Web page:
Guns N’ Roses frontman Axl Rose stops show to call out spotlight operator: ‘Please shut it the f**k off’

Guns N’ Roses frontman Axl Rose made headlines when he stopped in the middle of a song on the Australian leg of the band’s world tour to call out production staff over the use of a spotlight that annoyed the 60-year-old rock and roll bad boy.

The action went down at a Saturday show at the Melbourne Cricket Ground – the first at the venue since the COVID pandemic – when the singer abruptly halted during the band’s rendition of its 1991 hit “You Could Be Mine” which was featured in Arnold Schwarzenegger’s box office smash “Terminator 2: Judgment Day” to curse at the worker with the spotlight.

“OK this is to the spotlight that I’m pointing at,” Rose said after stopping the music. “I don’t know what your deal is but I’ve asked you to shut that off about ten times now.”

“I really want to do the show for the people and I don’t want to be blind,” he said. “I don’t know what’s wrong with the light, I can’t seem to fix it,” as he apologized to the crowd, saying that the band would start over again.

“That one sucks, please shut it the f**k off,” he said before the show resumed.

Rose’s disagreement with the spotlight operator came days after controversy erupted after a show in Adelaide where a woman in the crowd was badly injured when she was reportedly struck in the face by a microphone thrown by the singer, leaving her with two black eyes and a busted nose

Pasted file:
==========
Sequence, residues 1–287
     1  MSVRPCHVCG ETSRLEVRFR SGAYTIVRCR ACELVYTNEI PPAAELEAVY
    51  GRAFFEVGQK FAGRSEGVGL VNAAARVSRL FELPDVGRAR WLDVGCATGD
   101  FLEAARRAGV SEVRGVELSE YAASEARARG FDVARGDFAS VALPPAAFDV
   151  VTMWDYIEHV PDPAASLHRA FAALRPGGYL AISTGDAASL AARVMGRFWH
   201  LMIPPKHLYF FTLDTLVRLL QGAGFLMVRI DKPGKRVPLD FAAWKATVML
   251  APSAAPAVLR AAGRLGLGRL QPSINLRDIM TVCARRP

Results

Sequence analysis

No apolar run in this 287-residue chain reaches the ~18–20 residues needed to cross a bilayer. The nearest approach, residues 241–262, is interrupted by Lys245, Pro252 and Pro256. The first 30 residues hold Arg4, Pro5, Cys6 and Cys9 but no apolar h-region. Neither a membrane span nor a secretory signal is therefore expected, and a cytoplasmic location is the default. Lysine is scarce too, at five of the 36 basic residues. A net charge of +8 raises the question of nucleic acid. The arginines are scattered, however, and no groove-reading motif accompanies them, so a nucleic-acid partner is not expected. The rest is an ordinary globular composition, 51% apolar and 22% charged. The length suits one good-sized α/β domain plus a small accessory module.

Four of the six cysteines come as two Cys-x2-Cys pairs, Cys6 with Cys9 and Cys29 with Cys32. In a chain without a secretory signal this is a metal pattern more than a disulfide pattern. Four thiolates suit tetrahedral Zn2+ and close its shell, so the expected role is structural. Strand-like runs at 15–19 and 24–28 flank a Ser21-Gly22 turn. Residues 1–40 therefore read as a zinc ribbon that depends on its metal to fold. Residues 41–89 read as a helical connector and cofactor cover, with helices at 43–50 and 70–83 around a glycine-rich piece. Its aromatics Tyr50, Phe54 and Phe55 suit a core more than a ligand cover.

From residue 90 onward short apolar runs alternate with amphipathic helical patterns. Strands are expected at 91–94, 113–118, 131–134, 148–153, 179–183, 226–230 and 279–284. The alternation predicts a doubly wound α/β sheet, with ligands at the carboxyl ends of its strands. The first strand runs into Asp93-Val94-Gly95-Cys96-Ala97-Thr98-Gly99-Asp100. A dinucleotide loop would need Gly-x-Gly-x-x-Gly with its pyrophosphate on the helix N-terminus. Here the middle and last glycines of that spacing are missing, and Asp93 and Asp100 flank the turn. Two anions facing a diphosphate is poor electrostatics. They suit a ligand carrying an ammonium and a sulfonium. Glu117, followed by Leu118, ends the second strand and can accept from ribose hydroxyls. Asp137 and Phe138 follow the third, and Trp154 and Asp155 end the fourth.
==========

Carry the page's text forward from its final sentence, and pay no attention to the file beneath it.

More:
“What if it was a couple of inches to the right or left? I could have lost an eye … what if it hit me in the mouth and I broke my teeth?” Rebecca Howe told the Adelaide Advertiser. “If my head was turned and it hit me in the temple, it could have killed me.”

(Screengrab: The Daily Mail)

Rose responded to the incident in a statement, “It’s come to my attention that a fan may have been hurt at r show in Adelaide Australia possibly being hit by the microphone at the end of the show when I traditionally toss the mic to fans,” Rose said.  “If true obviously we don’t want anyone getting hurt or to somehow in anyway hurt anyone at any of r show anywhere.”

‘Having tossed the mic at the end of r show for over 30 years we always felt it was a known part of the very end of r performance that fans wanted and were aware of to have an opportunity to catch the mic,’ he added. “Regardless in the interest of public safety from now on we’ll refrain from tossing the mic or anything to fans during or at r performances.”

“Unfortunately there r those that for their own reasons chose to frame their reporting regarding this subject in a more negative n’ irresponsible out of nowhere light which couldn’t be further from reality. We hope the public and of course r fans get that sometimes happens,” he said before closing the statement with “A BIG THANKS to everyone for understanding.”

The band will wrap up the Australia/New Zealand trip with shows in Wellington an Auckland NZ this week.

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Chris Donaldson


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